Biographical Non-Fiction posted February 10, 2016


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This work has reached the exceptional level
reflections on a song and a time

September

by Mark Valentine


“But something touched me deep inside, the day the music died”

When Don McLean wrote those words back in 1971, it didn’t take a cryptographer to figure out that the day being referenced was February 3rd, 1959; the day a plane crashed in an Iowa cornfield taking the lives of Buddy Holly, Richie Valens, and JP Richardson. In 1971, most of the stars of the rock and roll era were still with us, and thus the universe of rock stars in the firmament was fairly small. It didn’t take much searching to crack the code.

These days, it seems like the music is dying every week. Every death stirs a memory.

Ben E King makes me think of an old girlfriend. (“Stand by Me” was our song). BB King evokes the days after college, and before marriage and family. We had money in our pockets and time on our hands and weekends would find us in Chicago’s blues clubs until the wee hours of the morning.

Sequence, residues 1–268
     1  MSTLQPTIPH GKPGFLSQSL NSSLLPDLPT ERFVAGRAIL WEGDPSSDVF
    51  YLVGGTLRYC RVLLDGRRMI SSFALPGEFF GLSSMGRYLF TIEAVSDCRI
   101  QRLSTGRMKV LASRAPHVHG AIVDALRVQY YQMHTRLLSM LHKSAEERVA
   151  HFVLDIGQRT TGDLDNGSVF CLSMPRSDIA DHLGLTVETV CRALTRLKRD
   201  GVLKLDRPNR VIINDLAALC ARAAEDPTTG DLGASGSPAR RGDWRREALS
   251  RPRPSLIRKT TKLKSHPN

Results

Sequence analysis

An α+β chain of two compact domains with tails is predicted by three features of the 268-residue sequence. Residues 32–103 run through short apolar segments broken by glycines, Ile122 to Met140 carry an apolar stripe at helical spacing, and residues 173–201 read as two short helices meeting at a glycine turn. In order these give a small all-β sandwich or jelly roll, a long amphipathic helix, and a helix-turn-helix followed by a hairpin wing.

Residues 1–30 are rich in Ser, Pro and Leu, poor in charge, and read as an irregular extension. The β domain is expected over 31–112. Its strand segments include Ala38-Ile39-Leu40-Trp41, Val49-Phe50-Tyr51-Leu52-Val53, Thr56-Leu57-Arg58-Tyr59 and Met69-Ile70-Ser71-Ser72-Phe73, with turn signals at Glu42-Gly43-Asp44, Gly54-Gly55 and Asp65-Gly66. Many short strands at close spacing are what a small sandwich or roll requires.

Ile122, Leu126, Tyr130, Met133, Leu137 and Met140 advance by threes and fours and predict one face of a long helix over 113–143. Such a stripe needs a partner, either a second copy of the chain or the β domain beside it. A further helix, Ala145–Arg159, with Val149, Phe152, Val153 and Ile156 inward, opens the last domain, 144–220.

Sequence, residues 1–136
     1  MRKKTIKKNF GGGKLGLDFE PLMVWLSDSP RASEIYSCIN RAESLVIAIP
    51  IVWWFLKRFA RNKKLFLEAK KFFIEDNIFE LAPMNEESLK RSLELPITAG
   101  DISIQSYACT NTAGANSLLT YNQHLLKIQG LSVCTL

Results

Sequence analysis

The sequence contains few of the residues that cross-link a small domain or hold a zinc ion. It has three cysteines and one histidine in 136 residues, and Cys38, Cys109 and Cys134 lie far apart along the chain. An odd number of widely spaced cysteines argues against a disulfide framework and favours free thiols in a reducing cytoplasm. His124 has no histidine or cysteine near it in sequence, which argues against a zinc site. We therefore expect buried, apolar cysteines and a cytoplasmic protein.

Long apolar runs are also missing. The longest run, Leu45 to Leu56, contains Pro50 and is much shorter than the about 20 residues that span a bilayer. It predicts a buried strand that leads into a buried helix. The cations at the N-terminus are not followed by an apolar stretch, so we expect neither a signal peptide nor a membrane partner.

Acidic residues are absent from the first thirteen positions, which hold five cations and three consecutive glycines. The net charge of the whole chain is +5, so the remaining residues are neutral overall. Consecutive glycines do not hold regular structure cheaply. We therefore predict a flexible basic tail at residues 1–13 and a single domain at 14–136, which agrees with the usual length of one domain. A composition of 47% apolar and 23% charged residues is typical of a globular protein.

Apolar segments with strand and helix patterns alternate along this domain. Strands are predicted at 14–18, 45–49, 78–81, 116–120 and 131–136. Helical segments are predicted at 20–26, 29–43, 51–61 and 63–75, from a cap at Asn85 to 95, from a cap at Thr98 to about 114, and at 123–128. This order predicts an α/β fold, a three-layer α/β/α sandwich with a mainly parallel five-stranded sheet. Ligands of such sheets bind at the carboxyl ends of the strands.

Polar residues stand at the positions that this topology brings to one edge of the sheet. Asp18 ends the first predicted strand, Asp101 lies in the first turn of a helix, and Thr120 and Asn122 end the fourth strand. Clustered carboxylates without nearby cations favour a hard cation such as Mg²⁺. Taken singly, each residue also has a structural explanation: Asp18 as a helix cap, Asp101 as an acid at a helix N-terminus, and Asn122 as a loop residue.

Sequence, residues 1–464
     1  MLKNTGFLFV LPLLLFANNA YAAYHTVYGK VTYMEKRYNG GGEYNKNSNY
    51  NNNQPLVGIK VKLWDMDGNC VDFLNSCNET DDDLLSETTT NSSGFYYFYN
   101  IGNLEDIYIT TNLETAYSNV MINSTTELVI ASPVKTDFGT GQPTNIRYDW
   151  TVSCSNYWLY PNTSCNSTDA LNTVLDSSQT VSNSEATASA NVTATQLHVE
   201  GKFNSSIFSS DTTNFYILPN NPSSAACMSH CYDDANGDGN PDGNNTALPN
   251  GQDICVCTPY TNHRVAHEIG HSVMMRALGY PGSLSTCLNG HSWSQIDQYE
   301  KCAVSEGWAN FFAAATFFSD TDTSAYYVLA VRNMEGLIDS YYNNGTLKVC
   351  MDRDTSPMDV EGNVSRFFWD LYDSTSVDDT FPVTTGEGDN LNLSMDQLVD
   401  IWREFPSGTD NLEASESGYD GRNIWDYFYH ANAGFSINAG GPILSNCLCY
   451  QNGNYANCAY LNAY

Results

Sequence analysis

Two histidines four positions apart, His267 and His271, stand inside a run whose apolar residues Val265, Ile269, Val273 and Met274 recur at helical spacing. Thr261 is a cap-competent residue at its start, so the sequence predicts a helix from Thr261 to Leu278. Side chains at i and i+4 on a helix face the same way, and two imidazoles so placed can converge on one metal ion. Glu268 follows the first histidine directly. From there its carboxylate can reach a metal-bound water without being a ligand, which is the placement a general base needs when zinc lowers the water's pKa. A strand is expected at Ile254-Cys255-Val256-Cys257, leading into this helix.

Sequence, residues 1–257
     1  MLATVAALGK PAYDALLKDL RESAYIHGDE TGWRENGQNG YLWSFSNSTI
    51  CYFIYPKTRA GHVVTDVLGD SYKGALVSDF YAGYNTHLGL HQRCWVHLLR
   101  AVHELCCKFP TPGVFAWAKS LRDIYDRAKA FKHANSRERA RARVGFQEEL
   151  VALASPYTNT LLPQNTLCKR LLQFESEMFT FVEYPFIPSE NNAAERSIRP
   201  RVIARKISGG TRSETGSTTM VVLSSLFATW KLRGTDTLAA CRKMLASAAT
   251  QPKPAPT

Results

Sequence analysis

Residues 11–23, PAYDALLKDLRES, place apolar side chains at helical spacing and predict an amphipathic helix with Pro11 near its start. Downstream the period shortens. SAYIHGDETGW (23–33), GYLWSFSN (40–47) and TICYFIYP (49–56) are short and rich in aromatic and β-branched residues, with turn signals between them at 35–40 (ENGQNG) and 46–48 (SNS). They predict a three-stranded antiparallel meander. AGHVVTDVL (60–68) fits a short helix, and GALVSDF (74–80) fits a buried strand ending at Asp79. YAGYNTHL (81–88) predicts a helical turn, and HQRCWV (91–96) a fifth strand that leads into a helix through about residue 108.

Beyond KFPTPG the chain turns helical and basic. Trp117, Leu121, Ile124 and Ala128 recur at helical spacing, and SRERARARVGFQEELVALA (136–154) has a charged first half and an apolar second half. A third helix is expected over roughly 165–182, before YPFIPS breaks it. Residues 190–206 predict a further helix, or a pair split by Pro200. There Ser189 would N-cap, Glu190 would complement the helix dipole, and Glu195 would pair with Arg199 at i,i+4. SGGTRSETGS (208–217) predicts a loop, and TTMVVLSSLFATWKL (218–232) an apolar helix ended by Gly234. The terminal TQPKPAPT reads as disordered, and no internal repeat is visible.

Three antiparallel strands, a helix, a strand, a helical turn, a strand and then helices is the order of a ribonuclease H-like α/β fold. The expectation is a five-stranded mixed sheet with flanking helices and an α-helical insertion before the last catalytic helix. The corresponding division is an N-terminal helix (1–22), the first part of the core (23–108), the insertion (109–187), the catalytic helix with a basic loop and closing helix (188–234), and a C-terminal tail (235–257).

Is “air guitar” still a thing? God, I hope not. How ridiculous I must have looked, jamming on an imaginary Stratocaster to “Suffragette City”. David Bowie’s death brought back those cringe-inducing memories.

Glen Frey takes me back to my senior year in high school. Hotel California had just come out. We thought we were bad ass, cruising Archer Avenue with a twelve-pack of Bud in the back seat, gunning the motor when “Life in the Fast Lane” came on the radio. And now my kids wonder why I’m hesitant to let them borrow the car.

Last week brought news of the death of Maurice White, founder of Earth Wind and Fire. That one really took me back.

It was the fall of 1979. We were juniors in college which meant that we were free to move off campus. Ten of us that had lived on the same dorm floor decided that we would pool our money and rent a house. When we found a great, seven bedroom house with a backyard and a large front porch, we signed the lease immediately.

I’d like to say that our decision was motivated by economics, or by the fact that the spacious house had plenty of little nooks that would make great study spots, but the fact is, we knew that it would be a great house for parties. And it was.

We were young and the beer was cold. We were young and the music was loud. We were young and we danced the night away. We were carpe-ing the dies and the noctes - making the best of days we knew would not come again. Did I mention that we were young?

Any soundtrack to those parties and those times would have to include the song “September” by Earth Wind and Fire.

 
Do you remember the twenty first night of September? Love was
changing the minds of pretenders, while chasing the clouds away.